Despite wide acknowledgement of differences in levels of support and health outcomes between urban and rural areas, there is a lack of research that explicitly examines these differences in relation to self-management in people affected by cancer following treatment. This scoping review aimed to map the existing literature that examines self-management in people affected by cancer who were post-treatment from rural and urban areas.
Arksey and O’Malley’s framework for conducting a scoping review was utilised. Keyword searches were performed in the following: Academic Search Complete, CINAHL, MEDLINE, PsycINFO, Scopus and Web of Science. Supplementary searching activities were also conducted.
A total of 438 articles were initially retrieved and 249 duplicates removed leaving 192 articles that were screened by title, abstract and full text. Nine met the eligibility criteria and were included in the review. They were published from 2011 to 2018 and conducted in the USA (n = 6), Australia (n = 2) and Canada (n = 1). None of the studies offered insight into self-managing cancer within a rural-urban context in the UK. Studies used qualitative (n = 4), mixed methods (n = 4) and quantitative designs (n = 1).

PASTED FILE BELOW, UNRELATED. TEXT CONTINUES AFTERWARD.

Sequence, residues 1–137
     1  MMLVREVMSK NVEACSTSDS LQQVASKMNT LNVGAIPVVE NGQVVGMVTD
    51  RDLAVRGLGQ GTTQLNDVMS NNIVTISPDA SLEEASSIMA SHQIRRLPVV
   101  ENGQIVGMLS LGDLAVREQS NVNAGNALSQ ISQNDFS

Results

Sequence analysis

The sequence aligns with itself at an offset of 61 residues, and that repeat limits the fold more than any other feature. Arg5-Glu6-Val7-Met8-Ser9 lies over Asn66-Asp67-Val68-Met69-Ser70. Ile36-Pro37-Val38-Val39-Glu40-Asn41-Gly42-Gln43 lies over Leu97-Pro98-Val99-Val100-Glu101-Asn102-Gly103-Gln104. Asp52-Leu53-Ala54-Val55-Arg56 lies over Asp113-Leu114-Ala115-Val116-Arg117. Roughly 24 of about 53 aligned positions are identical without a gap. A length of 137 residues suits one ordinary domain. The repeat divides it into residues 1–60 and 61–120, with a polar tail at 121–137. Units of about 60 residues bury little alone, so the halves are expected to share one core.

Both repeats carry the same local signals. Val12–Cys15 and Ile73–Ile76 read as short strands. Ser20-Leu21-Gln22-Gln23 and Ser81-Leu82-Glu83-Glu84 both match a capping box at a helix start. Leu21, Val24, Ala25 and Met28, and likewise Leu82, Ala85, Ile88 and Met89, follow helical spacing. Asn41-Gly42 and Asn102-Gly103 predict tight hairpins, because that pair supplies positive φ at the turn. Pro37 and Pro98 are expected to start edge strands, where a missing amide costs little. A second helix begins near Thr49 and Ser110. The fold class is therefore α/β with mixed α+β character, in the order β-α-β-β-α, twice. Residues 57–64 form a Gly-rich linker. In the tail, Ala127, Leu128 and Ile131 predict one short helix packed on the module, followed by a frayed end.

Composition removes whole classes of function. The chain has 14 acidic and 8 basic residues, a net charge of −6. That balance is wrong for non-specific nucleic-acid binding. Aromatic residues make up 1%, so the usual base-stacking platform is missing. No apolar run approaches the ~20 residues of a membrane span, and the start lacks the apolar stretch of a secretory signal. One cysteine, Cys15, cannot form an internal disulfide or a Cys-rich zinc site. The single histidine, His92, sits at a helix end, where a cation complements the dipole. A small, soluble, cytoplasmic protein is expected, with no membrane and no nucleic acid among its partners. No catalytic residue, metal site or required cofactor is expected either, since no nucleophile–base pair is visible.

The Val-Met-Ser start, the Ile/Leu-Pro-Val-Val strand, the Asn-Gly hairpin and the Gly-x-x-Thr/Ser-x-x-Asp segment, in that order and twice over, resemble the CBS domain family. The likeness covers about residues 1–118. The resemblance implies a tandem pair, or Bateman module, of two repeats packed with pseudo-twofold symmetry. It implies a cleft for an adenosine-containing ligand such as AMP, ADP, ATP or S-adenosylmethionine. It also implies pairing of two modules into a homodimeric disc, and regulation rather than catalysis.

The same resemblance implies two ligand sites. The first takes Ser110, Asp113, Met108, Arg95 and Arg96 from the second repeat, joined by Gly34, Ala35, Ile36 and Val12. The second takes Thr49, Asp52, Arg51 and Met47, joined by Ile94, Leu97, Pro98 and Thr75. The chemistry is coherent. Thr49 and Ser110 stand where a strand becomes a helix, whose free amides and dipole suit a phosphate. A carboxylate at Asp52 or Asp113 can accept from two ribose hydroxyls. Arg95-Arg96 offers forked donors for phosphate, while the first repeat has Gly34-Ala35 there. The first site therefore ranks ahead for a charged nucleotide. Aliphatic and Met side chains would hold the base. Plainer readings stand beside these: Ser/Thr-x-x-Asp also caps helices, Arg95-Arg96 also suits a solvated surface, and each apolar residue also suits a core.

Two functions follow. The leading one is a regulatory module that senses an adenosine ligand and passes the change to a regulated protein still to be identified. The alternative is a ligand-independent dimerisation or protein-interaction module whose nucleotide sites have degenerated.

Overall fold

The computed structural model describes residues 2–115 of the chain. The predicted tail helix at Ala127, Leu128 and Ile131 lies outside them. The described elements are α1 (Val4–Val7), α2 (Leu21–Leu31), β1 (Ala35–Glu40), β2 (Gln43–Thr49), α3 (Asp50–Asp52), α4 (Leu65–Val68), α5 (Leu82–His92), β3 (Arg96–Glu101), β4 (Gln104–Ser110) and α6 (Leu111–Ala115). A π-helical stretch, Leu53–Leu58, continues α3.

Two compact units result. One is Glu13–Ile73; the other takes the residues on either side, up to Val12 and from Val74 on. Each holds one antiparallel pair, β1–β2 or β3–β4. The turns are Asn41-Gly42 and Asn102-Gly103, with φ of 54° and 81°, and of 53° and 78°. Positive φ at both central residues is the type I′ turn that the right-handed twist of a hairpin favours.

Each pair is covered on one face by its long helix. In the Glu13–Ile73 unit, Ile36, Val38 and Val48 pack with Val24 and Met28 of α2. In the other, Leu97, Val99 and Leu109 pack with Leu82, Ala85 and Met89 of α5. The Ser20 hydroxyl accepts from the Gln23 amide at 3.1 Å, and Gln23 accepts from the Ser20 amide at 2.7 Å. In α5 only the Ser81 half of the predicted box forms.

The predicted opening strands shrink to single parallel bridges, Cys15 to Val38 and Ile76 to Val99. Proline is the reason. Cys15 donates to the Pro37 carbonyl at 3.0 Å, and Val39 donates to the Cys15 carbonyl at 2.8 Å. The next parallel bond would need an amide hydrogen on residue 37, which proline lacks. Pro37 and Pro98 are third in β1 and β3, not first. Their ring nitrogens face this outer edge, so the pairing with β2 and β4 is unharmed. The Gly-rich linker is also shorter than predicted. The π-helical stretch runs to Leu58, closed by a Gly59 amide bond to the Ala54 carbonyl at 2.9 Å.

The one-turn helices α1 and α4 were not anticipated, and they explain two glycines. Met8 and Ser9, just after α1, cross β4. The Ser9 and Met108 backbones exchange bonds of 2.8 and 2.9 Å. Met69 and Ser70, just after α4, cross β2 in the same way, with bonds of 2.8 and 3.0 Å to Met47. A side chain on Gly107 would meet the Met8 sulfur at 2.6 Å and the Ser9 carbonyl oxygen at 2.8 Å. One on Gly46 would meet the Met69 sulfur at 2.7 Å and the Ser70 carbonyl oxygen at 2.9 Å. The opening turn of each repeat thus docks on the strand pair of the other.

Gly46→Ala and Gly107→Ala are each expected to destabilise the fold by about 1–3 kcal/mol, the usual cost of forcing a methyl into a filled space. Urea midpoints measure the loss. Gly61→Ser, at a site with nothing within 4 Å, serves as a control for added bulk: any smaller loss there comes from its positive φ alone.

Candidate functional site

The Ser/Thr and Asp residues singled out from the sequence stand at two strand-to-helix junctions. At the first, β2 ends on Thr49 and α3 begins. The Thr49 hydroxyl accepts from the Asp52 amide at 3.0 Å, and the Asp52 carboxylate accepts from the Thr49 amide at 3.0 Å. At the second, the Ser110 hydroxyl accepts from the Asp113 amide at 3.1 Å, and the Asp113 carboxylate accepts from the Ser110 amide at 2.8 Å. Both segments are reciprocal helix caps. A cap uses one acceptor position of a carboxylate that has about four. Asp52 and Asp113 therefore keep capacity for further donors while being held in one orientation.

If rural and urban populations define their health in different ways as some of the extant literature suggests, then efforts to support self-management in both populations will need to be better informed by robust evidence given the increasing focus on patient-centred care. It is important to consider if residency can be a predictor of as well as a barrier or facilitator to self-management.
University of Lincoln, College of Social Science Research
David Nelson, University of Lincoln, School of Health and Social Care
Ian McGonagle, University of Lincoln, School of Health and Social Care
Christine Jackson, University of Lincoln, School of Health and Social Care
Ros Kane, University of Lincoln, School of Health and Social Care